Thursday, May 17, 2007

29. 'I am so sorry for your loss'

People who have never suffered the loss of a loved one are often at a loss in the face of those who have. What do you say? What do you do? You don’t want to say the wrong thing. You don’t want to make them cry.

But if you have never suffered a loss, you don’t understand. Sometimes crying is healing. And "making someone cry"” shouldn’t be something you fear. The reality is that you can’t "make someone cry." You can only touch them in a way that tears and sadness are evoked. This is not a bad thing.

But if you have never suffered a loss, you don’t know this.

Years ago, I worked with a woman – knew her professionally, nothing more – who had lost her only daughter in a heinous crime. Murdered.

I had never experienced loss beyond a beloved pet. My reaction to her loss? I avoided her if I saw her coming my way. Avoided looking at her. Avoided being where she was. Avoided contact. I didn’t know what to say. I didn’t want to say the wrong thing.

But after I lost Gregory, everything changed. I sought her out. Sat down and had a conversation with her. Suddenly, I knew what to say. And the first thing I said was, “I am so sorry for your loss.” I apologized for my lack of contact. God bless her, she understood and accepted my apology so gracefully. We talked our about mutual losses, and the air was clean between us.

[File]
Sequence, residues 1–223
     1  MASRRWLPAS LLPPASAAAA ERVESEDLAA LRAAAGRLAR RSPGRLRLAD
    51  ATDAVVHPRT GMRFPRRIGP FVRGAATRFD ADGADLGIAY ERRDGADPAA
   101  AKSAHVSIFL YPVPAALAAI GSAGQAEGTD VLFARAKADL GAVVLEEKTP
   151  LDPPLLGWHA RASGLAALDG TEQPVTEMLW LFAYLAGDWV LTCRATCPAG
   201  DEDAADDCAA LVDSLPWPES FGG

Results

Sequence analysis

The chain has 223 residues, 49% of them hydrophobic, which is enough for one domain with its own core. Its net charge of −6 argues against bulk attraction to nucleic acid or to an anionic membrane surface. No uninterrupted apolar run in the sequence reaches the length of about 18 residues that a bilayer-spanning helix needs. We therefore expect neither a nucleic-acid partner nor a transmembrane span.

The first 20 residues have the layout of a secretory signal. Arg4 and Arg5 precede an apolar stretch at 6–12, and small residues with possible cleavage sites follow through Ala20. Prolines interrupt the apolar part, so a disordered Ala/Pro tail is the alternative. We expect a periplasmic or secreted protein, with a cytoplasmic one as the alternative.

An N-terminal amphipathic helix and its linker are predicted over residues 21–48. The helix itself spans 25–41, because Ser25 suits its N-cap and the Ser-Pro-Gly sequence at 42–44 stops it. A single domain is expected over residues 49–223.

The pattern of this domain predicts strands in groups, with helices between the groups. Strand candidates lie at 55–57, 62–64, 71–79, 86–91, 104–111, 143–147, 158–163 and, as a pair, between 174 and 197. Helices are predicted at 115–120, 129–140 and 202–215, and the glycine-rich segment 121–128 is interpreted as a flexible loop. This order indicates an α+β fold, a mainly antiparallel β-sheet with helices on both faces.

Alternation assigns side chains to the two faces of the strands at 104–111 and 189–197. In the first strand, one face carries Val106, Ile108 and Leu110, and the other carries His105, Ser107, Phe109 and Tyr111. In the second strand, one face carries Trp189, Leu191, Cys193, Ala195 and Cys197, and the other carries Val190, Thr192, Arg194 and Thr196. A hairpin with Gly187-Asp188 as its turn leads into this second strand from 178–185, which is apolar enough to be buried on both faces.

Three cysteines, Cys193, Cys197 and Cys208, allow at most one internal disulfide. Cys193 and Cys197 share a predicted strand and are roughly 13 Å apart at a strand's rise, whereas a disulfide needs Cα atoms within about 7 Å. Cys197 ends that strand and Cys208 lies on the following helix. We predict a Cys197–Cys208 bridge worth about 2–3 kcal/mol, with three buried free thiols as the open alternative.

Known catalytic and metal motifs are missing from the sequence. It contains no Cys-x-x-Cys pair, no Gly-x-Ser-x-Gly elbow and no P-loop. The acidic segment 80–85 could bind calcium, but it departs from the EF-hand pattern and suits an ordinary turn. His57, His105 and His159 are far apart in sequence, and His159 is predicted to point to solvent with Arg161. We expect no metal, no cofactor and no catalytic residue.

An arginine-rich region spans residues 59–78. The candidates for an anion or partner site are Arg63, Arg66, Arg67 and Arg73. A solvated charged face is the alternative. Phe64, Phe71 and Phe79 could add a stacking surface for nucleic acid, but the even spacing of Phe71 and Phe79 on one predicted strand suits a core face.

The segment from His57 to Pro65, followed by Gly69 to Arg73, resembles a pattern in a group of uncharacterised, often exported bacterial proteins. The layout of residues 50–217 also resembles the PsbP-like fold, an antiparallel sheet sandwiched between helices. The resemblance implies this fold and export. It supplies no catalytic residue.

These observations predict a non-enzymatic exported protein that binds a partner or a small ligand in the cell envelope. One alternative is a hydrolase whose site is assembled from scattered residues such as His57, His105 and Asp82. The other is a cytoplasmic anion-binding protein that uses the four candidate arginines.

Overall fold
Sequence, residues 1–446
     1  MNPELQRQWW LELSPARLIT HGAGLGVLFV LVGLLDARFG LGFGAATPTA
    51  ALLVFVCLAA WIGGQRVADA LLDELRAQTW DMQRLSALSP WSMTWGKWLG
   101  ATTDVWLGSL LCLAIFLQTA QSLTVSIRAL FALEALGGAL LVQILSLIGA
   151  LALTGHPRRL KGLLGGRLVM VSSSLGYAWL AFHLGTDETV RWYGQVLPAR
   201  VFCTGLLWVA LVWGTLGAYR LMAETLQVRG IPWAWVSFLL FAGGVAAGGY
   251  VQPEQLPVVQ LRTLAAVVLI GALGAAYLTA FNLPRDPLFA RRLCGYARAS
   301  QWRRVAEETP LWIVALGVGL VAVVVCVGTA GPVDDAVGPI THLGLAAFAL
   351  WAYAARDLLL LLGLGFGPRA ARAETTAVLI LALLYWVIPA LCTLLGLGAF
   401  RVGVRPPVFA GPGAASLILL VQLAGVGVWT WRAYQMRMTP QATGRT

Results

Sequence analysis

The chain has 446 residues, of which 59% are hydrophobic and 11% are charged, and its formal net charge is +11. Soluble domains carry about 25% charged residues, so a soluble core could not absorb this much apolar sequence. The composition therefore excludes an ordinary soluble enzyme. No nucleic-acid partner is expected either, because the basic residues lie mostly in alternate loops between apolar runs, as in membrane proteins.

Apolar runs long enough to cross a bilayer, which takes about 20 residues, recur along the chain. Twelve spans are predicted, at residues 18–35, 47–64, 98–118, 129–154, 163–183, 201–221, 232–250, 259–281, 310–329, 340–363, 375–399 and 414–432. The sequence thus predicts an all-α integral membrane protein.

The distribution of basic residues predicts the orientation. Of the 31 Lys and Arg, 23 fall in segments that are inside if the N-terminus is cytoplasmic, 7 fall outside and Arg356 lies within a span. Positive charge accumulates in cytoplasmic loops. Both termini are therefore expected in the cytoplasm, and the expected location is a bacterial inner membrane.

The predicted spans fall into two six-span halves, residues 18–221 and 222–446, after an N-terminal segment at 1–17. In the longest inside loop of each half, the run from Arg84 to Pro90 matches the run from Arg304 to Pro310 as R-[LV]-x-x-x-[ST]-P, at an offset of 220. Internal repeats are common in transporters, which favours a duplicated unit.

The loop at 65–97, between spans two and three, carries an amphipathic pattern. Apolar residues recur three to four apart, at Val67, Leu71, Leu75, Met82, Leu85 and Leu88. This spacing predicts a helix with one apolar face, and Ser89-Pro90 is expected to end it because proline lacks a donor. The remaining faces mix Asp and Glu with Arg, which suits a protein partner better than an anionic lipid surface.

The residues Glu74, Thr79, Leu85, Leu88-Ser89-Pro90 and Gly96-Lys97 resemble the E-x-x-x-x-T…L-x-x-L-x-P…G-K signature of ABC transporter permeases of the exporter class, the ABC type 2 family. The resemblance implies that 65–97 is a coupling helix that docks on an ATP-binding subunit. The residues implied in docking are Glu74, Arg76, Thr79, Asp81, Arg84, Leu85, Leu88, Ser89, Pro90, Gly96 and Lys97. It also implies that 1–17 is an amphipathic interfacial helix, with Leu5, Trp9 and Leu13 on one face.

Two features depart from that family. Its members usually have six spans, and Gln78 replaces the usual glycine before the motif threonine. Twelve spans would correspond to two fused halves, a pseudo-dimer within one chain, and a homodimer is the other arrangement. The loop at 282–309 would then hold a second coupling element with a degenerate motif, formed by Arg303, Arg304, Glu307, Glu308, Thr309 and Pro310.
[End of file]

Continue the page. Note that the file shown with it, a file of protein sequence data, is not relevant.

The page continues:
So let’s say you are that person who has never experienced a loss and doesn’t know what to say.

Here is "What to Say 101."

Whether you know a person well or are just an acquaintance, I am here to tell you that the seven most powerful words in the English language are these: “I am so sorry for your loss.” Period.

When a person has suffered the loss of a loved one – a truly loved one, a child, a close parent, a spouse, a life partner, even, yes, a beloved pet – those are the most powerful words you can speak.

Did I say speak? You must do more than speak them. You must mean them. From the bottom of your heart.

It becomes easier with time.

Not long ago, my car inspection was due. I pulled into a service station where I’d had a good experience with a flat tire back when Gregory was alive. The owner and I got to talking. He was a gentleman about my age. He explained that he had been an executive in a restaurant chain California, but that a divorce had wiped him out. He came to Dallas to start a new life. Oh, and he had lost his only son in Iraq the summer before.

He wasn’t mope-y or maudlin. He was just sharing the circumstances of his life. I looked at him and said, “I am so sorry for your loss.” And I was. How terrible to lose your only son. He looked at me, and he said, “Thank you.”

And that was it. Just like the Christmas dinner, where we “widows” dipped into our mutual grief, this man and I shared a moment. Connected for a moment. This is grief as its most powerful and basic: connecting with another human, understanding a loss.

Then, my inspection was done. And I was on my way.

Image by Vladimir Kush


Blogger girlysmack said...

Thank you for this post because I never know what to say.

I am sorry for your loss. Mario, I am sorry for your loss, too.

But I am so happy for you two and what you have found.

11:38 AM  

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